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  • Michael D  - aVR - Get's No Respect!
    In support for your excellent presentation, FYI:
    The ECG in Emergency Decision Making by Hein Wellens (remember Wellen's syndrome?) 1992, Chapter 2, ECG Identification of HIGH-RISK Patients With Unstable Angina -
    Left Mainstem and Three-Vessel Disease:

    ECG Recognition
    If there is ST segment elevation in leads V1 and aVR plus ST segment depression in eight or more leads in a patient with unstable angina, the chance of having a severe left mainstem or three-vessel disease is very high (71%).*

    * Gorgels et al: An electrocardiographic pattern, characteristic for extensive myocardial ischemia. Circulation 78 (Suppl. II): 1988.
  • Nicholas Leonard  - MD
    I also read the article and within 1 week had a 75 yo female present with anginal quality cp, had ECG with distinct inferior, anterior, lateral ST depression. Her only ST elevation was 2 mm in AVR. I activated the STEMI team. The Cardiologist reviewed the ECG and felt the cath team activation was not warrented, but since they were already en route, she got cathed anyway. She had a 95% left main lesion and went for CABG. The cardiologist did not seem to appreciate the significance of the AVR st elevation. I plan to follow up with him on this. Thanks!!!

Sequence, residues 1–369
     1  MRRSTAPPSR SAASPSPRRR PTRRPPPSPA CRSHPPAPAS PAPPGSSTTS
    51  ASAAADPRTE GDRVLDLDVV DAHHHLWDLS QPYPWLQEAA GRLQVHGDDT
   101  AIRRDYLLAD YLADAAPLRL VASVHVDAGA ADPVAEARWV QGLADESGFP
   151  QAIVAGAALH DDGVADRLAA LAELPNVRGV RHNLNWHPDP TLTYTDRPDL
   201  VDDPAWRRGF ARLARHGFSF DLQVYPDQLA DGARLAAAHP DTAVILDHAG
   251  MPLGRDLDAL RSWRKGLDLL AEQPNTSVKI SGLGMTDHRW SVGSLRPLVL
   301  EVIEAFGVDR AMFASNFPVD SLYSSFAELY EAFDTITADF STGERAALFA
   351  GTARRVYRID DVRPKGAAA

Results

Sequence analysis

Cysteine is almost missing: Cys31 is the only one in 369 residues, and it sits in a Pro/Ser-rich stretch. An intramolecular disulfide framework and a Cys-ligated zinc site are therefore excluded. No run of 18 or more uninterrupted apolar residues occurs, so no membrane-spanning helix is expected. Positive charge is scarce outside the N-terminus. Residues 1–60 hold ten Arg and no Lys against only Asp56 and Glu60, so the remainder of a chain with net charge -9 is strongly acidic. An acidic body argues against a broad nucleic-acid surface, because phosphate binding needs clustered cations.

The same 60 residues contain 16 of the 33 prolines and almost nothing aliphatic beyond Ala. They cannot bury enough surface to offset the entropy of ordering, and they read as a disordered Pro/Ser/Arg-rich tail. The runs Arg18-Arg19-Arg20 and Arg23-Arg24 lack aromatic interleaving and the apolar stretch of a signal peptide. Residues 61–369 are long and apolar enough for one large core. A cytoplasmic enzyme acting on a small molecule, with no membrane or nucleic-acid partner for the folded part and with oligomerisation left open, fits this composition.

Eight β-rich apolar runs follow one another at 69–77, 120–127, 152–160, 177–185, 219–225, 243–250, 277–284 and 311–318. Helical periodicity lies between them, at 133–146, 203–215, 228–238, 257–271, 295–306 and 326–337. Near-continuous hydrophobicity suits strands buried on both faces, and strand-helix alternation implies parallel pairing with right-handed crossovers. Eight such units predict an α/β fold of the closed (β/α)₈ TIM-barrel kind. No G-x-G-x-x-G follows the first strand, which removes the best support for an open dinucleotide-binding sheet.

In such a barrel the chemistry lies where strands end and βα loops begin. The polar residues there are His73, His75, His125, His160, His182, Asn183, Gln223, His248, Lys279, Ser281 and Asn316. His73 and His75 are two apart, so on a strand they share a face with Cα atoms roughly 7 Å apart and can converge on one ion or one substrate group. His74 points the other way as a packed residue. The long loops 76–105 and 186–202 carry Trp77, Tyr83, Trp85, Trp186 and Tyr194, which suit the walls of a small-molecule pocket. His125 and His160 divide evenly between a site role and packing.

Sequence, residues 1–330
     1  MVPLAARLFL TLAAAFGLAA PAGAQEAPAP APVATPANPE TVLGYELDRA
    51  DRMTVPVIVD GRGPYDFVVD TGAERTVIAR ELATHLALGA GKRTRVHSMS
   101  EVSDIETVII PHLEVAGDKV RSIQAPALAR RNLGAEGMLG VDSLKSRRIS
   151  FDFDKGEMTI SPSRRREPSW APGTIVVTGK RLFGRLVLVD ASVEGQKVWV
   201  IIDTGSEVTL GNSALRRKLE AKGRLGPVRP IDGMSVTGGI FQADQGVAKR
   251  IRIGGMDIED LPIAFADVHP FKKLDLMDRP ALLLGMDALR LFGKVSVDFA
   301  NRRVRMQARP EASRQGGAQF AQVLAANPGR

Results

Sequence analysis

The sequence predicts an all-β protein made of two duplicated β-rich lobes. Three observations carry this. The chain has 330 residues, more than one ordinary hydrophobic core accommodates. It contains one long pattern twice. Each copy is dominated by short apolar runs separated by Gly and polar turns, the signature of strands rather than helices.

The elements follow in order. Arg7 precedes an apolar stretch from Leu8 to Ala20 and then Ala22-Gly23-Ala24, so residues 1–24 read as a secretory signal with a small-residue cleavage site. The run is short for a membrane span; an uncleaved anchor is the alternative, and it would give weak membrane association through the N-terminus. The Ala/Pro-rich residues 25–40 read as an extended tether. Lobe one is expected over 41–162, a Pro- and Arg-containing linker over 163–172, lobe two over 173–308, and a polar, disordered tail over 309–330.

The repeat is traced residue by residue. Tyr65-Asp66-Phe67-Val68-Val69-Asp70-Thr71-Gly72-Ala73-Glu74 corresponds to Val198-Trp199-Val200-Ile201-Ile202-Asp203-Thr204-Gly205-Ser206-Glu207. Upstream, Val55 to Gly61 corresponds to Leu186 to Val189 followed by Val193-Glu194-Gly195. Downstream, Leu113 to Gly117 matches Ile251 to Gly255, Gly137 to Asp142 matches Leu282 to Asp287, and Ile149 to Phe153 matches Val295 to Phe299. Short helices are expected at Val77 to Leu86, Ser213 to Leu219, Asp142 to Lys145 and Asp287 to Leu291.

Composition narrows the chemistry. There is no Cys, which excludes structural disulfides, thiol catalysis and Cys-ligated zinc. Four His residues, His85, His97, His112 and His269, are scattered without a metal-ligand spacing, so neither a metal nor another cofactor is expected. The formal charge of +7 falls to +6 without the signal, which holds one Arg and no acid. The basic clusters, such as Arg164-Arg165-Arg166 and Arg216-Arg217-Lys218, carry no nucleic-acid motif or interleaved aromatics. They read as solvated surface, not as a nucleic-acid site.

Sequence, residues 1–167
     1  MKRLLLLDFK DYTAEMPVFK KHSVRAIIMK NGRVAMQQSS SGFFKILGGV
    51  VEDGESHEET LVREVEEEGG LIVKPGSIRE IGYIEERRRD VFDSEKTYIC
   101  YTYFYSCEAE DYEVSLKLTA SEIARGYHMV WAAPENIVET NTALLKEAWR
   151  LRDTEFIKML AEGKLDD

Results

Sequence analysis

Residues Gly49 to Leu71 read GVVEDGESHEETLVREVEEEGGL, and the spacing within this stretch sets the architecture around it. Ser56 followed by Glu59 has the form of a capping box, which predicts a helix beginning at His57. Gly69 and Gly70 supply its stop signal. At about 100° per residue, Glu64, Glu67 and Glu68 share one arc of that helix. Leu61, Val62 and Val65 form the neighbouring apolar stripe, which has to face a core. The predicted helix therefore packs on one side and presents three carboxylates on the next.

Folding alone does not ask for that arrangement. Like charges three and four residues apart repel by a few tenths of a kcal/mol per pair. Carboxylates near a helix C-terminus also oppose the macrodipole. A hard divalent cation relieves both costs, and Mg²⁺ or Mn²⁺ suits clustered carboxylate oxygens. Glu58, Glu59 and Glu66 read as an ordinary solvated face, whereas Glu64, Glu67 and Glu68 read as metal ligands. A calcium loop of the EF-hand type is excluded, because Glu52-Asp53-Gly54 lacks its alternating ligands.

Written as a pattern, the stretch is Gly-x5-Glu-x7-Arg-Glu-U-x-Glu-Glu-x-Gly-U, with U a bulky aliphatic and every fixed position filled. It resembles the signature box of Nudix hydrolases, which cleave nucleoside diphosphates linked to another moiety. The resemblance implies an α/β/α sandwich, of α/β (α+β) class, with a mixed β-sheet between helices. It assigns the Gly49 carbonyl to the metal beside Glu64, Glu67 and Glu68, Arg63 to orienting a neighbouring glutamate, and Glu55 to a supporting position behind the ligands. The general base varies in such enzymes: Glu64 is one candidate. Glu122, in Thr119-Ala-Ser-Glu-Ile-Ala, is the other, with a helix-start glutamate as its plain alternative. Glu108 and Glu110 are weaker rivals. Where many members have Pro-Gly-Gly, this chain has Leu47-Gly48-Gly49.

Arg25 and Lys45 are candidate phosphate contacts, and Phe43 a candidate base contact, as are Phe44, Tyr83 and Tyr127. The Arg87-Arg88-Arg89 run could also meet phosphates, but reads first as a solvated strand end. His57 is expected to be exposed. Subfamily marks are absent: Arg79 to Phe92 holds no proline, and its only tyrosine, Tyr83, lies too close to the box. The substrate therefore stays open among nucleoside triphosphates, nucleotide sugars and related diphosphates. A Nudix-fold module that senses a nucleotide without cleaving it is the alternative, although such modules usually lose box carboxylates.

• Vince D
    Had a patient with ST-depression in lateral, inferior, and anterior leads with ST-elevation in aVR that had a 100% occlusion of the left-main (in addition to 3 other blocks). Like the poster above, the cardiologist didn't appreciate the aVR findings in this case either.
  • Jason Foreman  - MD
    Just days after your recent EMRAP on EKG and AVR ST elevation... I had a classic story chest pain in a middle-aged male with isolated ST elevation in AVR, mild depression laterally. I activated Code STEMI, patient went to cath lab and had 100% occlusion of prox LAD, and did well. I had to teach the cardiologist about the AVR findings... thank you EMRAP!

EMRAPTV Episode 68: aVR - Gets No Respect!
A patient with syncope. A resident called Santos. An ECG expert called Mattu. A reference to Dangerfield. Makes for a great episode. See more on ECG reading at
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